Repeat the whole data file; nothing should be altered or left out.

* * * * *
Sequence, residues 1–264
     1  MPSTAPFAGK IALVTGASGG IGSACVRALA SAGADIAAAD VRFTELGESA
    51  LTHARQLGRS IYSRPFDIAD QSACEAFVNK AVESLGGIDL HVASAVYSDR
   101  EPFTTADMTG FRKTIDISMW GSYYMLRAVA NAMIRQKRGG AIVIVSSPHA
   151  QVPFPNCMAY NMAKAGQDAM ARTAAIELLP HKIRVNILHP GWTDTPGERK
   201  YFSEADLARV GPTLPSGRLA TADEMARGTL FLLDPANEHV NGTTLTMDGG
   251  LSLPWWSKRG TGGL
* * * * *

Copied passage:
Sequence, residues 1–264
     1  MPSTAPFAGK IALVTGASGG IGSACVRALA SAGADIAAAD VRFTELGESA
    51  LTHARQLGRS IYSRPFDIAD QSACEAFVNK AVESLGGIDL HVASAVYSDR
   101  EPFTTADMTG FRKTIDISMW GSYYMLRAVA NAMIRQKRGG AIVIVSSPHA
   151  QVPFPNCMAY NMAKAGQDAM ARTAAIELLP HKIRVNILHP GWTDTPGERK
   201  YFSEADLARV GPTLPSGRLA TADEMARGTL FLLDPANEHV NGTTLTMDGG
   251  LSLPWWSKRG TGGL